She paid the summer tuition out of pocket and it is included in the amount they have in box 1. With the exception of the scholarship dedicated to tuition and books, she used her other scholarships to help pay for her housing, along with some 529 money, so she does have an outstanding out of pocket cost of about $2800.00 for the summer tuition. We have never done this, but how would we go about claiming these expenses and/or scholarships to allow her mom to claim an AOTC? I would love information on how we make that work in turbotax and I understand you play with the figures to find the sweetspot as far as taxes?
First, you will have an opportunity to add the expenses for books and other required fees/expenses as you work through the Education section in TurboTax. It will be in the follow-up questions after the 1098-T entry.
For the credit, the scholarship income will be reported on the student's return, up to the amount needed to claim the AOTC. Her parent(s) will then be able to claim the tuition credit on their return because that portion of the tuition was no longer paid by tax-free scholarships. This option is not available if the school’s billing statement shows the scholarships being applied to tuition, or if the scholarship is required to be used for tuition.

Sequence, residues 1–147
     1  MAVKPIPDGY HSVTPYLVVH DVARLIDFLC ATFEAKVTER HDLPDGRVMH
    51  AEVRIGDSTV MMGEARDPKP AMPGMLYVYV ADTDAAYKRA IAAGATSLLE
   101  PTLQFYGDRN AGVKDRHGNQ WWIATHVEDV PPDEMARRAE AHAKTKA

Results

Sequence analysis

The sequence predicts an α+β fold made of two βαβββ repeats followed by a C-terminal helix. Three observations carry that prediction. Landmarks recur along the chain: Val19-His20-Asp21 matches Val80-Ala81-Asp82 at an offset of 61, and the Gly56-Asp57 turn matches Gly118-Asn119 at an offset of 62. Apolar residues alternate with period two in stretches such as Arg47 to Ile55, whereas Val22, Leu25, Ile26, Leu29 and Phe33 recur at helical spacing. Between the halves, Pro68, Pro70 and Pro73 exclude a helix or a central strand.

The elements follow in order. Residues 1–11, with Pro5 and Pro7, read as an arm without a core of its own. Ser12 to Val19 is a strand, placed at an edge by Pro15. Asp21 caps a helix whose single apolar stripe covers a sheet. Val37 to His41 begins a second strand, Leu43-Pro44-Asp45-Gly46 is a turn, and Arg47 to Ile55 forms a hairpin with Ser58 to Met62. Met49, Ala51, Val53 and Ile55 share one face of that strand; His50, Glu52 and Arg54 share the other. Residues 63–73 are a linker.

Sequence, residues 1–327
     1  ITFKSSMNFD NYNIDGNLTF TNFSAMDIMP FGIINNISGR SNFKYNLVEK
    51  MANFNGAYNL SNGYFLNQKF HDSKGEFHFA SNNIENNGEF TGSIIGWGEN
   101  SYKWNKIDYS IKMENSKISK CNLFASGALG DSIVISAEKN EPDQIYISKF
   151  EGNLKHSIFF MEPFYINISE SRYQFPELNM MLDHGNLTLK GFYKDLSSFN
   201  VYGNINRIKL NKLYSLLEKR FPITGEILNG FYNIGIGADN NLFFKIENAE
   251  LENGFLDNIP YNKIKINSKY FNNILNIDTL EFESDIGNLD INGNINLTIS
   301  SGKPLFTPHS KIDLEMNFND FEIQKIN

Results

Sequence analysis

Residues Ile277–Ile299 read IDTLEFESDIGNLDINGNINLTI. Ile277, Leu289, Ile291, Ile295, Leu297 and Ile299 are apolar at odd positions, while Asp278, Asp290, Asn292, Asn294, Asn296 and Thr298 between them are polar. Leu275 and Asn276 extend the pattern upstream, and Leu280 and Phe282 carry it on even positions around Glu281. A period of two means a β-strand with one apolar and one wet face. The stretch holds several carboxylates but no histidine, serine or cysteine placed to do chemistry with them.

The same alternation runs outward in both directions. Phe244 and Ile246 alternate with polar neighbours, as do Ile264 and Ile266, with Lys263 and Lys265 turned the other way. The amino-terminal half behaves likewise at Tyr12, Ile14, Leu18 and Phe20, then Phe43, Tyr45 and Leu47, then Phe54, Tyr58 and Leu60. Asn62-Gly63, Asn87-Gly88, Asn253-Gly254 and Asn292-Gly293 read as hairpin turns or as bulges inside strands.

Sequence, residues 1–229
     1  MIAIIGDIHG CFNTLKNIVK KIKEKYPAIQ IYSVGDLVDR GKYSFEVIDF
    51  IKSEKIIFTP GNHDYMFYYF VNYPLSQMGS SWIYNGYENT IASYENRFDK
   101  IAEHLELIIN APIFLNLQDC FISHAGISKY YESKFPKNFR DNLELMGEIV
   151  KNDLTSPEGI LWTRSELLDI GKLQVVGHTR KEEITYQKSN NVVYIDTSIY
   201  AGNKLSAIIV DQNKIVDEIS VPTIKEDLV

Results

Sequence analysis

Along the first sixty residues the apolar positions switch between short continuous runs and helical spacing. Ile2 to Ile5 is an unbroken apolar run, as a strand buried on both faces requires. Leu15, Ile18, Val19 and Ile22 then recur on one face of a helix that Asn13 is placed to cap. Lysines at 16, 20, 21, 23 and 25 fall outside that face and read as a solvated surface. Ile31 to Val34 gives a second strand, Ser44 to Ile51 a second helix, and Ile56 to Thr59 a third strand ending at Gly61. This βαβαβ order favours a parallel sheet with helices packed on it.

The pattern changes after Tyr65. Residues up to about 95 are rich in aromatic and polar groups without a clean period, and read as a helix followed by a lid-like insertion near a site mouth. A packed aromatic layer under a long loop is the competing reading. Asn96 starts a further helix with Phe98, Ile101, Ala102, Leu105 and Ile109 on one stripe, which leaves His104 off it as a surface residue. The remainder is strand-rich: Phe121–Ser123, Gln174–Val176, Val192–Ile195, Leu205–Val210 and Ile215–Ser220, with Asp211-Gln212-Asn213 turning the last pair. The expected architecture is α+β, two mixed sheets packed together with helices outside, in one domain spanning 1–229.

The IRS addresses this on page 62 of the IRS Form 1040 instructions, in the first paragraph under "Line 17c". Form 1040 Instructions
As an example, if your niece received $12,000 in scholarships and paid $9,000 in tuition/fees/etc., she could end up with $3,000 in taxable scholarship income and no AOC for her parent(s). However, if she claims $7,000 in taxable income, there is $4,000 available for education credits.
Keep in mind the limitations on claiming the AOTC, which can be found on Page 11 here: Pub 970
Thank you so much! This has been very helpful. What method would be used to add the additional income to the student's income to see if we can maximize an AOTC on her mom's return? We entered the 1098-T, put in the additional amount spent on books and fees. and we have just about an excess of 1,000 in scholarship income, so where would we change that to increase it? Then how do we take that increase and apply it to her mother's return to allow an AOTC to be claimed?